There are cinder cones and lava fields all round us; wild flowers, lichens and a few tenacious trees bring spring color to the immense sea of black in the high desert sagebrush. After a bite to eat, we check out the visitors center and some of the local history, but we have another 4 hours to reach our destination, so we're soon back on the road. Next time we're here we'll plan on some hiking. Had to have this postcard to frame. The creator is author Ilan Shamir.

We reach our destination in late afternoon. Just south of the west entrance to Yellowstone there's a 6 mile dirt road that takes you out to Henry's Lake and the Red Rock RV Park. We're within walking distance of the lake and out in the middle of nowhere. These are our favorite kind of spots, quiet but for bird song and the wind in the trees. Another delightful place to anchor for a few days. We set up and head down to the lake.

Back to camp for a dinner of sauteed vegetables, boca burgers and potatoes and few games of cribbage. With sundown comes a serenade from the resident Sandhill Cranes and the promise of some weather.

Tomorrow we're headed to Yellowstone and the Tetons for a day trip in the Honda. In spite of our expensive learning curve, we're glad we brought it along. We have much more flexibility to explore now.

Sunday, June 17, 2012

Thoughts of my Father ~ June 17, 2012

It didn't matter if we were
Paddling after ducks in Lake Shasta or 
Engineering runoff into fanciful creeks
Setting up camp with Mom every summer or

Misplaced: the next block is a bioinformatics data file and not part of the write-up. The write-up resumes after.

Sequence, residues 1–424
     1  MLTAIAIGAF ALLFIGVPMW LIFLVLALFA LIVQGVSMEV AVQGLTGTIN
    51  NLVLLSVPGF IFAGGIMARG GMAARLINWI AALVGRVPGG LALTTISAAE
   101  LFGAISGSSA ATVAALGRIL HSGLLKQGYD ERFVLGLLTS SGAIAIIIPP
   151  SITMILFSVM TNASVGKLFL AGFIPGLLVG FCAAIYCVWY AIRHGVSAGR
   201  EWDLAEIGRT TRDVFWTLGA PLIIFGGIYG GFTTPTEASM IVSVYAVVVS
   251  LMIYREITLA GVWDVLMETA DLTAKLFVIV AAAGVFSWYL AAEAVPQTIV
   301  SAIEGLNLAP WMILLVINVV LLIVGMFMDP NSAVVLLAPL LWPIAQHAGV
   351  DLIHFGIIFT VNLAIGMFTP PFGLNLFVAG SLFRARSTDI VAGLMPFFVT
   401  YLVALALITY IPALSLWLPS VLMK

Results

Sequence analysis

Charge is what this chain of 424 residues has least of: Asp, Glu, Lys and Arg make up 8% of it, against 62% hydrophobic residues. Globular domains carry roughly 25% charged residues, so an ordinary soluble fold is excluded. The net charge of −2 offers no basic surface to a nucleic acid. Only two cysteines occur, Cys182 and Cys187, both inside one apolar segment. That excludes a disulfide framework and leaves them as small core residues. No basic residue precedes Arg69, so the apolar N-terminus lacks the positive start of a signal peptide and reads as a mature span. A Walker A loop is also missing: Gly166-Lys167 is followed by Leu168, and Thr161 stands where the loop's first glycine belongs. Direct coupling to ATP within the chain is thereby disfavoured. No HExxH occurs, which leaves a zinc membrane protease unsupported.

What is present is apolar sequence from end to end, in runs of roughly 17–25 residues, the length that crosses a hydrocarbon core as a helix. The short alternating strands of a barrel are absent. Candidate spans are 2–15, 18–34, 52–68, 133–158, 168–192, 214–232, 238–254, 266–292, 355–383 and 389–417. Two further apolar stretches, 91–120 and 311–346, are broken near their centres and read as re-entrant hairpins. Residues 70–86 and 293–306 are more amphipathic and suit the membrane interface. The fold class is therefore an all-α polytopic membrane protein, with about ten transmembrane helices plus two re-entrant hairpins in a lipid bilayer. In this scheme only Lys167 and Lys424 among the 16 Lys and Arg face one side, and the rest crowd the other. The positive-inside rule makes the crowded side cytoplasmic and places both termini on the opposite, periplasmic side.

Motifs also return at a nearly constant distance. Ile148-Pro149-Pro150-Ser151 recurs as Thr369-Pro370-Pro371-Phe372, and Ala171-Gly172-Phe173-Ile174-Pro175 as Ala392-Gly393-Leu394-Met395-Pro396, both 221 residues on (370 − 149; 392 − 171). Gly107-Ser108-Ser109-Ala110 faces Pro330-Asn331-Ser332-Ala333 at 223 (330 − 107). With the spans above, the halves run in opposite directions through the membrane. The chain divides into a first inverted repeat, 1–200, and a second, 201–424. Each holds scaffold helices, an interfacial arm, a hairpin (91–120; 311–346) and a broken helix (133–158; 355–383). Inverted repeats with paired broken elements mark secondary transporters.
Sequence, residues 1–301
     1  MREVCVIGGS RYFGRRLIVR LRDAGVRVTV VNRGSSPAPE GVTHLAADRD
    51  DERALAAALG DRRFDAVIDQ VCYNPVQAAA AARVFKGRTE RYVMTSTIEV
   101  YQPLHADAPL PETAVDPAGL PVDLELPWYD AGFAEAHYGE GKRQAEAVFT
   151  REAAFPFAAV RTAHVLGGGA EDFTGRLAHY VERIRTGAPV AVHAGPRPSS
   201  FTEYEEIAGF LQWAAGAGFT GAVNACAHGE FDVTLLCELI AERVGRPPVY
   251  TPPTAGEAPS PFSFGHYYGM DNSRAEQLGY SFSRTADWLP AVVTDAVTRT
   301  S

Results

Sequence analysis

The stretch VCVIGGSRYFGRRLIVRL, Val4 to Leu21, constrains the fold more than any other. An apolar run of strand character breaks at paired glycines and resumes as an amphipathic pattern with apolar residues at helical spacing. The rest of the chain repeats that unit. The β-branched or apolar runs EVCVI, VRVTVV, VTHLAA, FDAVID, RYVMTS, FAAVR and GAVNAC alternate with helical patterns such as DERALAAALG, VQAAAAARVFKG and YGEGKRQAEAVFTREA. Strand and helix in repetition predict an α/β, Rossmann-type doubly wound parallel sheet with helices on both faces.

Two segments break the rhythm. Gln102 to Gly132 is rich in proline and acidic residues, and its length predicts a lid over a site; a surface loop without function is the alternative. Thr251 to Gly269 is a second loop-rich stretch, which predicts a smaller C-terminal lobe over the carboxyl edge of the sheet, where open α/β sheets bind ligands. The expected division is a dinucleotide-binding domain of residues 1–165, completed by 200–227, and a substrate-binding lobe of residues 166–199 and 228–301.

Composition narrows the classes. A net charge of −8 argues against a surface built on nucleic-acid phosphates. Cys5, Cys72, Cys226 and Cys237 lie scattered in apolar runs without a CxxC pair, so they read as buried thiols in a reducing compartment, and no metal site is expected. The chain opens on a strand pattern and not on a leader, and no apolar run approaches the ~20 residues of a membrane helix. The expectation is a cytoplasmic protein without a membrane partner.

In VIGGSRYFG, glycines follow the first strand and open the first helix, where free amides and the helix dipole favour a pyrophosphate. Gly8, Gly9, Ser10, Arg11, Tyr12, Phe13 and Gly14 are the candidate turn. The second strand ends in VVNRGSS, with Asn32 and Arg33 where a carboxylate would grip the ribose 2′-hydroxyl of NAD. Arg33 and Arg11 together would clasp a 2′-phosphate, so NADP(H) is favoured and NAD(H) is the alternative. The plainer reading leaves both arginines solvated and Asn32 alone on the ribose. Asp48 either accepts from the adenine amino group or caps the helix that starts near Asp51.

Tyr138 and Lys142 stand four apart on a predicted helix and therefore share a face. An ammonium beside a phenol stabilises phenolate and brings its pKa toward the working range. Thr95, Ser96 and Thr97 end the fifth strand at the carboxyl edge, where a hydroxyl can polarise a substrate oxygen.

Building wooden boats for the pool
Digging in the garden or
Turning my VW bus into a camper
when I was in college 
I always was Daddy's Girl

November 1945

He was my hero
And at times my counterpoint
A quiet man
With a big heart
Happy Father's Day Daddy
Thanks for watching over me
Then and now

Friday, June 15, 2012

Boise Food Stars ~ May 27-28, 2012

5/27 ~ A reminder we're staying in a guest cottage at friends. We toddle into the house for coffee this morning and Linda has created yet another, blow your socks off breakfast: sauteed pears baked into a puff pastry ~ the recipe has been requested and will be posted.

Today's a lazy day by choice. We drove over to Betty and Ken's for a visit and then took a tour of Boise: historical buildings, homes and neighborhoods, old town, parks, the river and of course the blue turf of the Boise State Stadium. Love the color of this Clematis on their patio in late afternoon sun.

All 8 of us gather at Trisha and Leland's for dinner. It's our first chance to cross paths with them this trip and see Annie the Wonder Dog. Leland fixed us his renowned paella. We spent most of the prep time in the kitchen at rapt attention watching the master at work. Linda brought watermelon salad, and Betty baked strawberry/rhubarb and lemon meringue pies. Lots of wine, conversation and laughter between courses. This trip to Boise has been food lovers dream tour.